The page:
Livestock farming can benefit from interventions that promise to make meat production more sustainable and cost effective
The aim is to transfer nutrients more efficiently from soil to livestock, and so yield higher value food from grazing land, rather than lose them as pollutants in waterways or as noxious emissions. Working out how to do that is a multidisciplinary operation across many scales, from the micro-cellular to the macro-commercial.
We want nutrients to walk off farms, not flow or evaporate.
It's the mantra of livestock scientists, aware of how ruminants are demonised as inefficient because they retain no more than 20% of the nitrogen they consume, belch greenhouse gases, foul water courses and degrade land.
North Wyke Farm Platform
A key advantage of Rothamsted Research is its unique facility in the UK of about 350 hectares of farmland in Devon, which supports three experimental farms over 63ha that are known as the North Wyke Farm Platform National Capability. This platform allows studies to go beyond the level of individual plants, animals and fields; the three farmlets, each around 21ha, are highly instrumented to record the impact of detailed interventions.
At one extreme, researchers are investigating the chemical, physical and biological interactions that drive nutrient pathways from soil through plants into livestock. At the other, they are assessing farming practices to evolve management systems that optimise animal husbandry, from grazing to genetics, and to establish drivers for land cultivation, such as new varieties of grasses that can grow in difficult ground and also provide nourishing feed.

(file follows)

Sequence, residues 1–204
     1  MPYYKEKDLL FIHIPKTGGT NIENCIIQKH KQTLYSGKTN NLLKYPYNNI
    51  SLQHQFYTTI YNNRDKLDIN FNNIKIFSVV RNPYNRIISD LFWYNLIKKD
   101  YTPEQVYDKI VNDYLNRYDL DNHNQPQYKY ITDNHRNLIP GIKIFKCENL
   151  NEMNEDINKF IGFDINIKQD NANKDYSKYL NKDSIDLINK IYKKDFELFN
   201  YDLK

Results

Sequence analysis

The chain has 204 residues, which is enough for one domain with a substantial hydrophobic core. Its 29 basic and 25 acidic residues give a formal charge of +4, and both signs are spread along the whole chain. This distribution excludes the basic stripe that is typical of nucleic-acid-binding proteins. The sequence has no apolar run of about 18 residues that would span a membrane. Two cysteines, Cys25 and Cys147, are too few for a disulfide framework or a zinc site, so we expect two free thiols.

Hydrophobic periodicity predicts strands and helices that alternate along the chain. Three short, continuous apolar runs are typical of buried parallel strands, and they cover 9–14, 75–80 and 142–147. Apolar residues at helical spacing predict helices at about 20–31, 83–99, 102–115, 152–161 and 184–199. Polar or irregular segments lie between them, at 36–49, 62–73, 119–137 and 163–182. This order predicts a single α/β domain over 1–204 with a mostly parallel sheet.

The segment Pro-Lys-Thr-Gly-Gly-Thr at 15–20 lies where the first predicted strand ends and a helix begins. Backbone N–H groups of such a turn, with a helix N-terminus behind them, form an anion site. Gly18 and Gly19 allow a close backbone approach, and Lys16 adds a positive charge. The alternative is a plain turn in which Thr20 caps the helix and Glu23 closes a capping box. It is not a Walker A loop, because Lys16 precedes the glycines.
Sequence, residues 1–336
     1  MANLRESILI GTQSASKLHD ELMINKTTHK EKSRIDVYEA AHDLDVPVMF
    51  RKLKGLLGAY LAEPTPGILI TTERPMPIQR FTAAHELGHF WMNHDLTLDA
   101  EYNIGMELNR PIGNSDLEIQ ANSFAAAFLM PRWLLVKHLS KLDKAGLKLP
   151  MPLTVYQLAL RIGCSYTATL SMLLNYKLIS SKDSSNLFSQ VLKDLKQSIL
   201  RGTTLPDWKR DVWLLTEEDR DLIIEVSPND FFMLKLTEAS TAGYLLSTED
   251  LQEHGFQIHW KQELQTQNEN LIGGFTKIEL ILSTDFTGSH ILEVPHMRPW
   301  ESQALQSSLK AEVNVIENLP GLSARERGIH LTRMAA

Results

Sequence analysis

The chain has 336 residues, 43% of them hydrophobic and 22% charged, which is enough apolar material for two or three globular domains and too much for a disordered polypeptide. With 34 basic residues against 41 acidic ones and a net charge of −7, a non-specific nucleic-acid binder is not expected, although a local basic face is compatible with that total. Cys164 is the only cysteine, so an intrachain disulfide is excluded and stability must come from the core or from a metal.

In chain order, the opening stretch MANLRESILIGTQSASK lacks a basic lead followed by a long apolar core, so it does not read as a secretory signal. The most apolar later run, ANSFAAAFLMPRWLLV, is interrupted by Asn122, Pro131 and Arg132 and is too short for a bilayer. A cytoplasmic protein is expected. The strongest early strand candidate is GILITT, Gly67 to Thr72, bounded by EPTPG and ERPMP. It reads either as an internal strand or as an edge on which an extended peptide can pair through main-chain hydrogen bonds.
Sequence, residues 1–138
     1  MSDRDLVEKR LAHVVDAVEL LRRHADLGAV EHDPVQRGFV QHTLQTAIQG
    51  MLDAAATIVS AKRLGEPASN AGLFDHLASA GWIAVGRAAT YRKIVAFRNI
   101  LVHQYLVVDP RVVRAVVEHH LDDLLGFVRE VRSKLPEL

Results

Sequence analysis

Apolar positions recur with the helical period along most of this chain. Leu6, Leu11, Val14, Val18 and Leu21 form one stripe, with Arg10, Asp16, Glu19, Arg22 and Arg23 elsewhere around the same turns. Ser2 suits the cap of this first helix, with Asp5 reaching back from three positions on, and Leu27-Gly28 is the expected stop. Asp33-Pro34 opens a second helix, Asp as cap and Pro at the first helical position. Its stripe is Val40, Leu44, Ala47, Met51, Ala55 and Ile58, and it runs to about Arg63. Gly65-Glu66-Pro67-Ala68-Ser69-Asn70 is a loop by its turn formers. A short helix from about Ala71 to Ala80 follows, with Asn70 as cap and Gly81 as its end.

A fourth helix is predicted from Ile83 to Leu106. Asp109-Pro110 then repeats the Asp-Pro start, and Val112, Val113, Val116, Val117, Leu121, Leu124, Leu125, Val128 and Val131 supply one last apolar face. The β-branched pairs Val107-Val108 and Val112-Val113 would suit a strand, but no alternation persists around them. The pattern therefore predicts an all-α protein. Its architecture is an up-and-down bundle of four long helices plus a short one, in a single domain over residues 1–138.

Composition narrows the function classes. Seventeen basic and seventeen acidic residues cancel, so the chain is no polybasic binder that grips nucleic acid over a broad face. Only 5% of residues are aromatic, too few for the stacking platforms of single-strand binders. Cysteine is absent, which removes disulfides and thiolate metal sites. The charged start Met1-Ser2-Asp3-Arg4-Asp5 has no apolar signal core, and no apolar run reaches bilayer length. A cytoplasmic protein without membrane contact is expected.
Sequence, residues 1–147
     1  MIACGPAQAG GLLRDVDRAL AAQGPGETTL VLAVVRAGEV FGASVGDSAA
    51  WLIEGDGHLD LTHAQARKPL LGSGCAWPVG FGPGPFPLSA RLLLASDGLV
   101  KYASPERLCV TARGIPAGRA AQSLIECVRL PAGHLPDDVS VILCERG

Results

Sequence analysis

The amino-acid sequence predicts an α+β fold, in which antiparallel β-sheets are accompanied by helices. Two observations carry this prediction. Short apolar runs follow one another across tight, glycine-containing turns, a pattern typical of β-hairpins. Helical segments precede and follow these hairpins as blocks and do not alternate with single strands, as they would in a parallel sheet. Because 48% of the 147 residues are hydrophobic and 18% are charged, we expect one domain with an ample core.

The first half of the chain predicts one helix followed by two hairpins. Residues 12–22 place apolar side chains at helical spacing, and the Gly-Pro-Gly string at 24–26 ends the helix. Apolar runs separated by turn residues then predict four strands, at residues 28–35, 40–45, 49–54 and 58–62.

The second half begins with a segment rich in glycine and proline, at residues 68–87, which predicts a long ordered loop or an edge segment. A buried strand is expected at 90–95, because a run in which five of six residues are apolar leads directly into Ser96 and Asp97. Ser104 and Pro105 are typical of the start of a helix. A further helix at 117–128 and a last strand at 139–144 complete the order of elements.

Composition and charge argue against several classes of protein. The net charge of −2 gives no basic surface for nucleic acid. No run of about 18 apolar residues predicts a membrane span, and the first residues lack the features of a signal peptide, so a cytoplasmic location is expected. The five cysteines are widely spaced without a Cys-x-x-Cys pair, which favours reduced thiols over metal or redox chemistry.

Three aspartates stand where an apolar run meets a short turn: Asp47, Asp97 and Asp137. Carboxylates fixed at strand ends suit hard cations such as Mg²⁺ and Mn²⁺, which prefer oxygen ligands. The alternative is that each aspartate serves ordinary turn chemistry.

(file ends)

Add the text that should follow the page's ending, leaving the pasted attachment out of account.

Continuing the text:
Tracking nutrients at this scale is no straightforward matter. It engages an array of technological devices, from laser sensors and flumes on hydrologically isolated catchments to ground chambers and atmospheric filters. These devices measure run-off from pastures precisely, record gaseous fluxes in the soil and analyse air samples for contaminants in the smallest concentrations.
With data starting to accumulate at North Wyke, researchers are pondering the many trade-offs of sustainable farming as they devise metrics to cover three main and competing demands: societal needs, for highly nutritious food; economic needs, for production efficiencies; and environmental needs, for minimal impact. All three are linked and mutually dependent; for example, pasture seeded with a single plant variety could yield highly performing livestock, in terms of weight gain per day, but the downside would be loss of local biodiversity.
The work, part of the institute’s strategic Soil-to-Nutrition (S2N) programme, is poised to break knowledge boundaries and provide sustainable benefits in the UK and abroad; the North Wyke site is a leading partner in the Global Farm Platform initiative, an international network of experimental farms in every region and climatic zone of the world.